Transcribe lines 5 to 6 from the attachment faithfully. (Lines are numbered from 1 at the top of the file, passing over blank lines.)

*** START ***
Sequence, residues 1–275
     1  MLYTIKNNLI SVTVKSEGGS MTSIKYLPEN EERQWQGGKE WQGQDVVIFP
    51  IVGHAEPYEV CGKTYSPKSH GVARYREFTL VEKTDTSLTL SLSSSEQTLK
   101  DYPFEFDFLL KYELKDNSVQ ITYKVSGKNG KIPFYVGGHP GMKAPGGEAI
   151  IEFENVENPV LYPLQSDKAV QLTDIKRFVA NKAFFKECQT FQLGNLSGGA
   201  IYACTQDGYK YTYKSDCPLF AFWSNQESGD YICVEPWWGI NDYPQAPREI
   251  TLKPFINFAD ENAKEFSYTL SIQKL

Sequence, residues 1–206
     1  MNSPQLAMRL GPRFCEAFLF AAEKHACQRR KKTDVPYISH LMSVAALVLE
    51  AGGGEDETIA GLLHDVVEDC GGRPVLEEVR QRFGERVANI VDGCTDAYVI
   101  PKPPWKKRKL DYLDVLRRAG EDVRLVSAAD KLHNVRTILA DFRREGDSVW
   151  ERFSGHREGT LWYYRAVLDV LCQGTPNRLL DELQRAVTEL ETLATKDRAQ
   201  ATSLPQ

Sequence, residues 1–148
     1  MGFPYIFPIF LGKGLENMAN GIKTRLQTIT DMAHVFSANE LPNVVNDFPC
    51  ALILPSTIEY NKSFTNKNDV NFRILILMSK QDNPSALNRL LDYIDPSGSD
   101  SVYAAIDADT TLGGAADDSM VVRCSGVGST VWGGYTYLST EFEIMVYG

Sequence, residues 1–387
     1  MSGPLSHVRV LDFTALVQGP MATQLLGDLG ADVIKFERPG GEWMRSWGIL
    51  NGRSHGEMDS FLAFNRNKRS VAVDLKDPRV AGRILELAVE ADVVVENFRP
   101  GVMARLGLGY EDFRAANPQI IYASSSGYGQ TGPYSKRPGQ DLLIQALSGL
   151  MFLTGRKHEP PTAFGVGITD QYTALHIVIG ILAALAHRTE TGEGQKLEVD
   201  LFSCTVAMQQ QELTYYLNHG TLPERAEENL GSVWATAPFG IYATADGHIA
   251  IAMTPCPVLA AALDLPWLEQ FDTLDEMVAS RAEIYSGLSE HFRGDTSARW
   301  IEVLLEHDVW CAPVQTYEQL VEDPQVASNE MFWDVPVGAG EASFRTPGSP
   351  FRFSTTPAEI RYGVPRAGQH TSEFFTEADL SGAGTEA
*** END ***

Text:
   151  IEFENVENPV LYPLQSDKAV QLTDIKRFVA NKAFFKECQT FQLGNLSGGA
   201  IYACTQDGYK YTYKSDCPLF AFWSNQESGD YICVEPWWGI NDYPQAPREI